Thursday, May 5, 2011

Lack of personal touch in Japan

One interesting cultural aspect in Japan that we won't miss is the lack of personal touch. In public couples don't touch and parents don't touch their children much. People bow instead of shaking hands. Sometimes our students hold hands, actually. But mostly it's a hands off culture. Compared with Latin cultures where couples are sitting on each other's laps in the plazas, it's downright frigid. We saw a Japanese couple holding hands in Bali and it immediately struck us that they don't/can't do that in Japan. We've recently had one of our adult students (drunkenly) lament this fact as well.

When I told the teacher I've worked with the longest that I was leaving she burst into tears. She was really upset and couldn't leave the room for a few minutes in order to get herself together. I've been here long enough to know that it wasn't really appropriate to touch her, but I just couldn't let her stand there and cry in front of me. I stood up, asked if I could hug her and gave her a squeeze. More than any other country, living in Japan has made me realize things about my own culture and how much I'm a product of it. I couldn't just let some one I've known for 15 months cry in front of me without hugging her. I literally couldn't do it, especially when I was the cause of her distress. John's only been at his schools for a month and some of his teachers were near tears too.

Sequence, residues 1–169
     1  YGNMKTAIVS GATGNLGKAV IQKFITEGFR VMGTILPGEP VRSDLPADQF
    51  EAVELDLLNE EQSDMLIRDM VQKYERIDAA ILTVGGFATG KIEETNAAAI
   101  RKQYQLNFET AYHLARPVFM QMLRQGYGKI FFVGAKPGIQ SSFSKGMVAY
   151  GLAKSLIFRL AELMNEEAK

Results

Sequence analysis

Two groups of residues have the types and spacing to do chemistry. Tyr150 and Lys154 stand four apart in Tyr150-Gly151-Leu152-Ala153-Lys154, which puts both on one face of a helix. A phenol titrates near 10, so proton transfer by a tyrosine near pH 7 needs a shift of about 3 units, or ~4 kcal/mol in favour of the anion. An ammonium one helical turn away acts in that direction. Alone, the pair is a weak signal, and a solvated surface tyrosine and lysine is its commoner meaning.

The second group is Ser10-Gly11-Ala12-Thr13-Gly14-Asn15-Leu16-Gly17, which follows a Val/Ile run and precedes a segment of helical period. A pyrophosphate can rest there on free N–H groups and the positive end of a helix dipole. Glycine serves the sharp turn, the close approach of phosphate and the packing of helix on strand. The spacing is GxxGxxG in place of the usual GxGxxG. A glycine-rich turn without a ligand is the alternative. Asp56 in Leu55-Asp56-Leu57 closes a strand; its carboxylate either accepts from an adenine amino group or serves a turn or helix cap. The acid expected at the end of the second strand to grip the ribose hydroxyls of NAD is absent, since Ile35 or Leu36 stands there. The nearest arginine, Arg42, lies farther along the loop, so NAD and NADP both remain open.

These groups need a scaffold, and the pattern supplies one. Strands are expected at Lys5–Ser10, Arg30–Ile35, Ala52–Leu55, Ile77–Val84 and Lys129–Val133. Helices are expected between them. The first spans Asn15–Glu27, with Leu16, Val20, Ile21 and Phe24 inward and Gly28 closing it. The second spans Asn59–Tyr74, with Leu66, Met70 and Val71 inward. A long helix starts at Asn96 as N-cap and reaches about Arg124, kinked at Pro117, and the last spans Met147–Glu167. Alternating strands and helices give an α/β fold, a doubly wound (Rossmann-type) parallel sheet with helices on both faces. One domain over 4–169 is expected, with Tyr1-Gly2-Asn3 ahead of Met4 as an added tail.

It's definitely going to be difficult to upset the "wa" at school by leaving early. They aren't telling my students until an all school assembly on my last day (per the Japanese custom) when I'll give a speech on the stage. Yikes.

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